Liquidity stable but diverging regulation could cause further ructions

Despite some moderate fluctuations in the market share of auctions and systematic internalisers, (SIs), the post-Brexit liquidity landscape continues to be stable with daily volumes traded averaging €56 bn in March up from an average of €43 bn in the last three months of the fourth quarter.

However, the divergence between UK and European Union regulation after Brexit is and could create several operational and regulatory headaches for asset managers, according to the latest Liquidnet Liquidity Landscape report.

For example, market participants will be closely watching the impact of the Financial Conduct Authority’s decision to opt out of the Share Trading Obligation (STO) along with the lifting of the double volume caps in April.

 

The report notes that by allowing UK asset managers to trade wherever they see fit with their US and Swiss counterparts, European asset managers will potentially be at a disadvantage and excluded from pools of liquidity.

The report found that the risk is particularly acute given 75% of trading occurs between UK and international institutional counterparties versus just 25% including EU asset managers

Further divergence is on the cards with the UK’s planned full wholesale market review starting in June with the aim of streamlining existing regulation.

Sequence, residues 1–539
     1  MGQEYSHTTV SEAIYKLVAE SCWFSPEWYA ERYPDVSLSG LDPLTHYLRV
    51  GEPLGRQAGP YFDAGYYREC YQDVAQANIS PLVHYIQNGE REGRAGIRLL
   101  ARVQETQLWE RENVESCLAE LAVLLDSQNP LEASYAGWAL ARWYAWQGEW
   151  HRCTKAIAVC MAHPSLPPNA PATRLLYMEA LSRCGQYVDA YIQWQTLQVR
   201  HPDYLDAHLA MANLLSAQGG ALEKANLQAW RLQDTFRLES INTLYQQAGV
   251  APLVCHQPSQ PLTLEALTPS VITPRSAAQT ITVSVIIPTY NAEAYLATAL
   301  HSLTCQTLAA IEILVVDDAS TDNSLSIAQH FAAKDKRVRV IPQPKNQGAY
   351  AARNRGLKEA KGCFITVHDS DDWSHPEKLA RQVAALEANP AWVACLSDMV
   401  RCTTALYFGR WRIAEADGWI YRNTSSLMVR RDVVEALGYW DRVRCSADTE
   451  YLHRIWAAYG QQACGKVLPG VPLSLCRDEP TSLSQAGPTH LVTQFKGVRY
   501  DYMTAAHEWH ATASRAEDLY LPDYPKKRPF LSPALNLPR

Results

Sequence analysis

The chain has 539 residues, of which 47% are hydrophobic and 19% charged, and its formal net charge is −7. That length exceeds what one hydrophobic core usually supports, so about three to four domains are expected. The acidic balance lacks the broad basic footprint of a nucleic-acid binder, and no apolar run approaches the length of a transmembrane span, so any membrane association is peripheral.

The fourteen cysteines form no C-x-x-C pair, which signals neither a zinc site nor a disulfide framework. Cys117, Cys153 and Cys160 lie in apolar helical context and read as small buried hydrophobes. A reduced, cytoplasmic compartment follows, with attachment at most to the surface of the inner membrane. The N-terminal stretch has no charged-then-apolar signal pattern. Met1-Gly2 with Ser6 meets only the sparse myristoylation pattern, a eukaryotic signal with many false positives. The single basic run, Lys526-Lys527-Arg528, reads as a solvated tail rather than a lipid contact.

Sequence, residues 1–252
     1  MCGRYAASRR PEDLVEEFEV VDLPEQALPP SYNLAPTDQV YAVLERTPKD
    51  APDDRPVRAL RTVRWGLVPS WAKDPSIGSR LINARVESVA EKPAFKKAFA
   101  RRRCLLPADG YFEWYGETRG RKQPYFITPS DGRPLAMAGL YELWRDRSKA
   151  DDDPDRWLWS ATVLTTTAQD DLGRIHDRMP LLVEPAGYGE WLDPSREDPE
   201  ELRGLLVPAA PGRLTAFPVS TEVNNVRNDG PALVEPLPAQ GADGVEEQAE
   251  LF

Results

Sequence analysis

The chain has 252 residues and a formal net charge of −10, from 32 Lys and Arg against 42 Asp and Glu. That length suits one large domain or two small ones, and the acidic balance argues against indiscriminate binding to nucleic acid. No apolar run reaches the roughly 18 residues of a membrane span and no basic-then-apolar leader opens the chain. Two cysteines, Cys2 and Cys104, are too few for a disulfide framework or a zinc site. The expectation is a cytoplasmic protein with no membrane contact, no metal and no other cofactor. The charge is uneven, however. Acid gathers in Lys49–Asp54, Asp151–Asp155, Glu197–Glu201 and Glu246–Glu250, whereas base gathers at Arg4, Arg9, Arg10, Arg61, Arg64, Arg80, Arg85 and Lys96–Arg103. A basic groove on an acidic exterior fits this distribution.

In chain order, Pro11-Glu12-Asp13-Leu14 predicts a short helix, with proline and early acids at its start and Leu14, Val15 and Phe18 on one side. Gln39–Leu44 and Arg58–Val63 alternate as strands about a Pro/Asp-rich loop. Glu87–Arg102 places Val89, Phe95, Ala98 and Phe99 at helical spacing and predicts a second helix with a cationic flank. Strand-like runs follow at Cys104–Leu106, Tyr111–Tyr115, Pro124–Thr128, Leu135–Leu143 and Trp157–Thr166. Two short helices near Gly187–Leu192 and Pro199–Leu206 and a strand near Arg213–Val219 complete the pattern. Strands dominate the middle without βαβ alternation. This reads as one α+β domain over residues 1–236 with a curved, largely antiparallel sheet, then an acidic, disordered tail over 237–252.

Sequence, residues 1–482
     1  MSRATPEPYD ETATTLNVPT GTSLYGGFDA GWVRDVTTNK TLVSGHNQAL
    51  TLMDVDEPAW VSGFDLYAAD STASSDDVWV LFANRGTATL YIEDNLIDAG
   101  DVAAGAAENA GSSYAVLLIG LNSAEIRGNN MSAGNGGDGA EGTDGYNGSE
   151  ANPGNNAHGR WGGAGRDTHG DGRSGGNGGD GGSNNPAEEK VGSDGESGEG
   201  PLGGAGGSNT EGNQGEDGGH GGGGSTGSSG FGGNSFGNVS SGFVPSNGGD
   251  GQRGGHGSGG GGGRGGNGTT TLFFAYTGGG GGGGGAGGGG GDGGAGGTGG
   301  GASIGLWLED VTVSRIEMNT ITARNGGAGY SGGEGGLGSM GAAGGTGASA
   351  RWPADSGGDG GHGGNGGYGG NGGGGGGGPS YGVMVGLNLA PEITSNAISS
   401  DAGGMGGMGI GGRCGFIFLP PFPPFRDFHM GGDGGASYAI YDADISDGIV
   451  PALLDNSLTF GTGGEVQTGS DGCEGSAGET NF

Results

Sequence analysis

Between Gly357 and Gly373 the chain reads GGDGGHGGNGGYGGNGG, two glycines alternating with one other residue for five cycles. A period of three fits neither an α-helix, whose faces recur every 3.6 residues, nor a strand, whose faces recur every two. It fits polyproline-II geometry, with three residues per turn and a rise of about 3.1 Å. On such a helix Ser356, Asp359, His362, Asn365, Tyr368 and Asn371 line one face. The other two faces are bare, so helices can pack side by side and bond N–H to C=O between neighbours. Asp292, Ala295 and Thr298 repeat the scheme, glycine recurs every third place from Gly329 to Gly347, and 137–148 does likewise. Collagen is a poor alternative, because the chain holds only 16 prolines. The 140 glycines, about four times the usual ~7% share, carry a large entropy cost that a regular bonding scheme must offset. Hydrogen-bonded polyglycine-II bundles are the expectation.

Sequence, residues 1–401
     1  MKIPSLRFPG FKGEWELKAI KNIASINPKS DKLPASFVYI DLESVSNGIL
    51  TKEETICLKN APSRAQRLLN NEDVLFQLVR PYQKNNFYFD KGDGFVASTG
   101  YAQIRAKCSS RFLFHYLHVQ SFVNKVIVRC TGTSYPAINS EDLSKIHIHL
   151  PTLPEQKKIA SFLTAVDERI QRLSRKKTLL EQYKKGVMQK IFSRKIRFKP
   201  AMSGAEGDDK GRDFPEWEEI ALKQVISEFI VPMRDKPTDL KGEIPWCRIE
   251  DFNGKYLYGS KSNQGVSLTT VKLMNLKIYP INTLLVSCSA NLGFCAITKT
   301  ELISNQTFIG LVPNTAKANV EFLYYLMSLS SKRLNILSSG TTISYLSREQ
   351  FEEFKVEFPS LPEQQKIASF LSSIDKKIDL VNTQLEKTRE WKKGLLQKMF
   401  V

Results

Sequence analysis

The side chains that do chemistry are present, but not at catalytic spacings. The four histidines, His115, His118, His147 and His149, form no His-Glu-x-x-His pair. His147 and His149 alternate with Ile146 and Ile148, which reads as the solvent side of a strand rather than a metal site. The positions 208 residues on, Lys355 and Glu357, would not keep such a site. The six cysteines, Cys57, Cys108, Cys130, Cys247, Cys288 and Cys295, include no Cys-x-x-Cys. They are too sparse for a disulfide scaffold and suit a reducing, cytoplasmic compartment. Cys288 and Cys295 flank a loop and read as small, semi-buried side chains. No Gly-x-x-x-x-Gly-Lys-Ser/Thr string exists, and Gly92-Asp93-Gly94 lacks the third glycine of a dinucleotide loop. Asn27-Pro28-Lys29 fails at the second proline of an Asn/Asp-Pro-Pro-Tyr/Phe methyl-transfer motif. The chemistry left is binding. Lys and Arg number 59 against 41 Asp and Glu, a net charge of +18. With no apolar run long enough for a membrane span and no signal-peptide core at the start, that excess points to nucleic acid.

Meanwhile in Europe, the European Securities and Markets Association (ESMA) is ready to consult on the MiFID II review with its proposals expected by Q1 2022.

The Summer will also see the beginning of a continuous round of consultations covering a wide range of topics such as primary listings, transparency, market data—including discussions around a consolidated tape, commodity derivatives, new technology, and unregulated system providers and will be likely to initiate further response from both sides.

ESMA also intends to provide greater guidance on the definition and principals underlying MTFs and launch a public consultation to gather further feedback on what systems should be considered “multilateral.”

However, the European regulator was already clear in its organised trading facility (OTF) paper that multiple bilateral interactions are not necessarily exempt from the need to be authorised as a trading venue.

The report notes that “the fallout could impact trading software companies as much as they do banks and asset managers, with certain programmes that connect and enable various trading counterparties to share pricing being deemed as ‘venues.’”

As the report notes, “While the regulatory landscape remains in a state of flux, the industry will need to brace itself for continued change ahead as the full effect of Brexit has yet to be felt.”

©Markets Media Europe 2021

 

 

 

 

 

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